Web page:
>> Téa Obreht: historical fiction with a touch of magical realism, which is totally

my genre. I was wondering, was it hard

or intimidating for you to kind of switch gears into more

of a future? It

was really the question was about whether it was, given that I write

that I've written mostly historical fiction in the past, was

it intimidating to switch gears into a

future setting? It really was, because, I feel like

there is, a whole

swath of writers who are working exclusively

at that crossroads of sort of

speculative, new

weird, which is a term I recently learned. you

know, not high fantasy,

but kind of magically twisty.

And so, it was

very intimidating to venture into that, especially because

the world building in those novels can be

so extraordinary. and

I world built in this novel for myself to

understand how to navigate it. But then I took a lot of that

away because I didn't want sill to have

access to it and I didn't want the reader to have access to it either.

And that felt sort of, like a bit of a

transgression, but it felt like a necessary one, and I'll defend

it to the death. So I think I was, you

know, I did feel it felt,

The storytelling felt organic, but then

the sort of the genre bending felt. Felt,

Yeah, I was nervous. I'm still nervous.

You built a structure and then you

removed it and let the stories stand up. That


>> Jeniffer: Yeah, we got to be careful. We're going to be here

all night.

Okay, one more.

>> Speaker C: I understand the

concept of not wanting to revisit the

world you've created.

How does it feel to you to be working on,

a movie or series of inland because

that's in contradiction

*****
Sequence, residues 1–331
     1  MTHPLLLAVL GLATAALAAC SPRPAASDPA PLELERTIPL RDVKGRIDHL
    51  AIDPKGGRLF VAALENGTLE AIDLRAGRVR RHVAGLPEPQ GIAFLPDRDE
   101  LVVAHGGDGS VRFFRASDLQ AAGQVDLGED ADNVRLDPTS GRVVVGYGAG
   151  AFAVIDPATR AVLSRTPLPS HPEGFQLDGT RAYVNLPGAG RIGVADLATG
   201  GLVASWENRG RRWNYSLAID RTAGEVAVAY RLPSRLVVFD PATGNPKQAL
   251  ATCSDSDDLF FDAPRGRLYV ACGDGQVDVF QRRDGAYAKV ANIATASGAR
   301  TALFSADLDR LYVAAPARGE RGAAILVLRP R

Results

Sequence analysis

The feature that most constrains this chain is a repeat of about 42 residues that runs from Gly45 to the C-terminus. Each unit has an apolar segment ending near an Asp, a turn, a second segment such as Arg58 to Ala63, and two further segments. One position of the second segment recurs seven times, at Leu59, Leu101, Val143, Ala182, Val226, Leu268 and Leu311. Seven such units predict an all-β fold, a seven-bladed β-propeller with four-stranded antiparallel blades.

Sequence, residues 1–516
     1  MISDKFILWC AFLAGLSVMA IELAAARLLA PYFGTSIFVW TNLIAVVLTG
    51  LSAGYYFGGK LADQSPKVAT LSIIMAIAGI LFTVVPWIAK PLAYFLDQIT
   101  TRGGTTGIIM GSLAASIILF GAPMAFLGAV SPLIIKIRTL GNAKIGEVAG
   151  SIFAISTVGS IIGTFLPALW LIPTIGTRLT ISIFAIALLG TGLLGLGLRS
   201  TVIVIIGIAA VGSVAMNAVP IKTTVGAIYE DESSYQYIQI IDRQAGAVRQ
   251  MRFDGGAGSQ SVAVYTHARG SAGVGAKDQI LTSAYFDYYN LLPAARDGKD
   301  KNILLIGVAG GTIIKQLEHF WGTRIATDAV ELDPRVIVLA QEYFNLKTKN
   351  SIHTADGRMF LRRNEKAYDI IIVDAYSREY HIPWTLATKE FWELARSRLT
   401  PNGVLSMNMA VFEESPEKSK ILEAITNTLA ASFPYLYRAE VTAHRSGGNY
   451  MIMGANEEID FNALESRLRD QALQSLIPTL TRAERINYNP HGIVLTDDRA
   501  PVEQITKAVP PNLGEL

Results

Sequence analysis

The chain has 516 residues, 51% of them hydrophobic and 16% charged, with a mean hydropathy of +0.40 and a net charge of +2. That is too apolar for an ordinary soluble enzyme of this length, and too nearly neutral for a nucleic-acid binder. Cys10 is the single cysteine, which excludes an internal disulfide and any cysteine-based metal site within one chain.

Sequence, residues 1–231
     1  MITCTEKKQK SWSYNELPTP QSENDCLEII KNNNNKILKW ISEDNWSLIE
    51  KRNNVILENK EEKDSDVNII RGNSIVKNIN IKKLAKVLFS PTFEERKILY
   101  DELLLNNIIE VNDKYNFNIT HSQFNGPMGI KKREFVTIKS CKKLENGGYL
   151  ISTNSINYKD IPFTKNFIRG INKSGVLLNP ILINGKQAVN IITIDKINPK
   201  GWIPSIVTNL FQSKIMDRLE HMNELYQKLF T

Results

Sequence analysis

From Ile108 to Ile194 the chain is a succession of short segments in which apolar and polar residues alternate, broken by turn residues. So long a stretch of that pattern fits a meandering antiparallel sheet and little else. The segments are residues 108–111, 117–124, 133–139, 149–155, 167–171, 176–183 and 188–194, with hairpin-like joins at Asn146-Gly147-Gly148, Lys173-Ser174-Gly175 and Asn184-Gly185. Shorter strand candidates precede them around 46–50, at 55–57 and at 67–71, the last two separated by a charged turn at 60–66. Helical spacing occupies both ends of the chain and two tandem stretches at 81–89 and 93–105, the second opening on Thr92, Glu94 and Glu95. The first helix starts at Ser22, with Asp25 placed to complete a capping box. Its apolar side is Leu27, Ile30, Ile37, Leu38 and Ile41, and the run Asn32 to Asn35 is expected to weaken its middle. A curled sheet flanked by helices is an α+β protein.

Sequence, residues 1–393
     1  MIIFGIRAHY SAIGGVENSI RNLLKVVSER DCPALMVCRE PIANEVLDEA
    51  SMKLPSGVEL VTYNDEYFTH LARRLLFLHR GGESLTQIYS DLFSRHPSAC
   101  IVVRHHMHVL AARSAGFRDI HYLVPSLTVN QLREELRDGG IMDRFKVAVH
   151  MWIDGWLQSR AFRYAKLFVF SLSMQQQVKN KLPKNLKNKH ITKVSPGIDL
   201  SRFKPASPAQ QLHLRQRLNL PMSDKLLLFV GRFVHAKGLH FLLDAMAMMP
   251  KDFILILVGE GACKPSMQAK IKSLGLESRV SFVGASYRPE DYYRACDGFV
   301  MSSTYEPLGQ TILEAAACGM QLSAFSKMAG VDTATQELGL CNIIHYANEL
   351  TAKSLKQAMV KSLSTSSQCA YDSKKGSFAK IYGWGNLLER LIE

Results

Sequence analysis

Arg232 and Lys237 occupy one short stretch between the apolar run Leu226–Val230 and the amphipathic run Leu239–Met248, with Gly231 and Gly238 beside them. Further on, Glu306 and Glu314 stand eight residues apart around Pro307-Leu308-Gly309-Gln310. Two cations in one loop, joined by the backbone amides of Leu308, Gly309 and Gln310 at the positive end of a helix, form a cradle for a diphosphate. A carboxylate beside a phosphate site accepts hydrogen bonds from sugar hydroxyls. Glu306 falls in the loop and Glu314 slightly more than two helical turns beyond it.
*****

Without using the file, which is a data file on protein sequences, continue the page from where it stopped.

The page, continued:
to your


>> Téa Obreht: that's a great, that's a great question. The question was,

how do I feel about sort of revisiting inland through the

prisma? I feel like it's a different beast

because it's a medium that's completely foreign

to me, and I'm m not navigating it with the

same tools. I feel like I'm

learning how to write and I'm simply

in a totally different way because script

writing is different. All the stuff

that you access, as a writer was just like, I'm going to

set. I'm going to set the scene. I'm going to have a

person's emotions come out in their mind. You have

to be thinking of the actors. You have to be thinking of.

You're navigating a totally different way of

communicating information.

>> Speaker C: Does the actor or actress look the way

you intended?

>> Téa Obreht: I don't know yet. It's all still in my mind.

So they still do.

>> Speaker C: Did you retain that right?

>> Téa Obreht: No, I don't think. I don't think anyone does. I think it's

all once you send it out there, it sort of becomes its own. Its

own animal. Just like the writing.

>> Jeniffer: But I bet you have a picture in your mind.

Exactly. Thank you, everyone, so much

for coming. And thank you.

>> Téa Obreht: This is such a joy. Thank you so much for your questions, and thank

you all for coming, really.

Creators and Guests

Jeniffer Thompson
Jeniffer Thompson
Writer. Reader. Interviewer. Cohost of The Premise Podcast. I help authors build brands + websites. Cofounder of the San Diego Writers Festival. Chicken-mama.
Téa Obreht - Author The Morningside, Inland, The Tiger's Wife